The series was originally planned to be a limited series. A new cast was hired to play the characters from the original Mission: Impossible (1966), and the episodes were all going to remake original series scripts. This changed when Peter Graves returned to the role of Jim Phelps; the other characters were then renamed, and the show became a continuation of the original. One of the new cast members was Greg Morris's son, Phil, cast as his dad's character Barney Collier. His character was renamed Grant Collier, and he became Barney's son.
The original Star Trek and the original Mission: Impossible were both filmed at Desilu studios. As a result, many character actors were seen on both shows in memorable ways. There is an interesting continuation of this in the second MI series and in Star Trek: The Next Generation. John de Lancie plays the unpredictable main antagonist in both pilot episodes.
Each time Phelps gets his recorded instructions in the first season, he types in a security code to get access to a compartment containing a data disc. Although the code changes between episodes, it always contains at least one 5.
Terry Markwell did not renew her contract for the remainder of the first season of Mission Impossible as she was dissatisfied with the screen time her character Casey Randall was getting in the series. She was replaced by Jane Badler.
Due to the writers' strike of 1988-89, the revived series was originally going to consist entirely of updated versions of stories from the original series. When the strike ended, the show began producing new scripts. However, four of the first five episodes of the revival are remakes of original series episodes.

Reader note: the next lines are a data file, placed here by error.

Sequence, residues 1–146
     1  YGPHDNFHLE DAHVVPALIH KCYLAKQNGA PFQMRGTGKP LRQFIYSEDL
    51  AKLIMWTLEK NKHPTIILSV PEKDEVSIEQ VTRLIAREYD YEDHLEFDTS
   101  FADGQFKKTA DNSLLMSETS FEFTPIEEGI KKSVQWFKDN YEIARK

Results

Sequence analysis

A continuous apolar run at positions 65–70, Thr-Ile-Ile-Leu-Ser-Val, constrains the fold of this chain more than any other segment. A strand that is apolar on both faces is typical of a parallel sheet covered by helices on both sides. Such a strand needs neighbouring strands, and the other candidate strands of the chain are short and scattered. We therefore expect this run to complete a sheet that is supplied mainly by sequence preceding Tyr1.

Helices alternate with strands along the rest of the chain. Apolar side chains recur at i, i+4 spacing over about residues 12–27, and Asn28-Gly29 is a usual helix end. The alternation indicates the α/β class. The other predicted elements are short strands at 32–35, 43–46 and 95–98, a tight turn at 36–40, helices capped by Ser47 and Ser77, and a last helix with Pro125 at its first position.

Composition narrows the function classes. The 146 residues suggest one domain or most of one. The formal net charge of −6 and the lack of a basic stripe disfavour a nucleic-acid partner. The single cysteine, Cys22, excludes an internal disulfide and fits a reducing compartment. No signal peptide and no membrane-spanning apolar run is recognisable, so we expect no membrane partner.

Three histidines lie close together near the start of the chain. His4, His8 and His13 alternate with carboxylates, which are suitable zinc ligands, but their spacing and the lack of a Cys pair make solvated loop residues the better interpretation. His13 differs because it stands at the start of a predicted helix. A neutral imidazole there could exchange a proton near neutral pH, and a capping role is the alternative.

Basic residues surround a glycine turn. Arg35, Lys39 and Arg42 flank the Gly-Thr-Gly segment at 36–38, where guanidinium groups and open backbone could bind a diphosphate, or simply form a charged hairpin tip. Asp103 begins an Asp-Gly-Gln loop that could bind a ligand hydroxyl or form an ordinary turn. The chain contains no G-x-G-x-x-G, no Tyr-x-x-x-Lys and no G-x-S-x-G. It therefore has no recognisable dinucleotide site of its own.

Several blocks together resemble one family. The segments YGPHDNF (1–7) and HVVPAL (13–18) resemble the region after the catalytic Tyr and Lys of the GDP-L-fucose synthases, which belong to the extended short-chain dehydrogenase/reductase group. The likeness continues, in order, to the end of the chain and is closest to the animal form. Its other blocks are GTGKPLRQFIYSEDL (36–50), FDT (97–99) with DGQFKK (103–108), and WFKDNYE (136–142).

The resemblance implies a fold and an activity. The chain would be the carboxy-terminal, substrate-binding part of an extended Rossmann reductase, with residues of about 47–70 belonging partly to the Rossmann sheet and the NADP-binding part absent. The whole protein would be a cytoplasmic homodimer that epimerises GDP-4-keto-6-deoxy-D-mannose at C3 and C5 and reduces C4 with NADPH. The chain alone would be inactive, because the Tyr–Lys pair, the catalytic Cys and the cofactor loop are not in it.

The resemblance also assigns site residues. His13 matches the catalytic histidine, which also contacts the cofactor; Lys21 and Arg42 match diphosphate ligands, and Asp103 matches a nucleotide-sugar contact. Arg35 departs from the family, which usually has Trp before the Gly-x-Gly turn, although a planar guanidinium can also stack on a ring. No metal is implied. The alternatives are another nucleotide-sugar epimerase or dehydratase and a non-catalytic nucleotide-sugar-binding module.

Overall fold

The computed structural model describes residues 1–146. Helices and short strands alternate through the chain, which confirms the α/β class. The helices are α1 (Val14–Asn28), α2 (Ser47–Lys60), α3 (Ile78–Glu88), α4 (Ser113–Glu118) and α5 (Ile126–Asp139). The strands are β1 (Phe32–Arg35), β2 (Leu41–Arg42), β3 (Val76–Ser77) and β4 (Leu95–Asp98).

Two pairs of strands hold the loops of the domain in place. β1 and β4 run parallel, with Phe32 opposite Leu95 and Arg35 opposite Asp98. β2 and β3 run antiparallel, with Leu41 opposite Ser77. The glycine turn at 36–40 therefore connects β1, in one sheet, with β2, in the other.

In 1988, the American fall television season was hampered by a writers' strike that prevented the commissioning of new scripts. Producers, anxious to provide new product for viewers but with the prospect of a lengthy strike, went into the vaults for previously written material. ABC decided to launch a new Mission: Impossible series, with a mostly new cast (except for Graves, who would return as Phelps), but using scripts from the original series, suitably updated. To save even more on production costs, the series was filmed in Australia; the first season in Queensland, and the second season in Melbourne. Costs were, at that time, some 20 percent lower in Australia compared with Hollywood. The new Mission: Impossible was one of the first American commercial network programs to be filmed in Australia. The show's core cast included several Australian actors and numerous Australians (along with Australian-based American and British actors) were also cast in guest roles. According to Patrick White's book, The Complete Mission Impossible Dossier, the original plan was for the series to be an actual remake/reimaginging of the original series, with the new cast playing the same characters from the original series: Rollin Hand, Cinnamon Carter, Barney Collier and Willy Armitage Just before filming began, White writes, the decision was made to rework the characters so that they were now original creations, albeit still patterned after the originals, with only Jim Phelps remaining unchanged, and with the Collier character becoming the son of the original to take advantage of the fact the actor cast in the role, Phil Morris, is the son of Greg Morris, the actor who played Barney Collier. One of the reworked scripts incorporated a guest appearance by the elder Morris as Barney Collier. Rollin hand was changed to Nicholas Black, Barney Collier was now GRANT Collier (Barney's son) Willy Armitage was reborn as Max Harte and Cinamon Carter was renamed Casey Randall. The strike eventually ended and the series was able to compose original storylines. Ultimately only a few episodes ended up being outright remakes of the original series, including the show's premiere episode. Originally, the show had aired on Sundays, and was moved to Saturday evenings starting with episode 9 of the first season. At the start of the second season, ABC moved the show to the Thursday 8:00 PM timeslot, which proved to be a disaster. Being forced to compete with NBC's The Cosby Show and A Different World, Mission: Impossible's ratings quickly declined. ABC responded by moving the show back to Saturday nights to replace the sitcoms Mr. Belvedere and Living Dolls, which faltered badly in their time slots. The move was not a success and the series was cancelled at the end of the second season.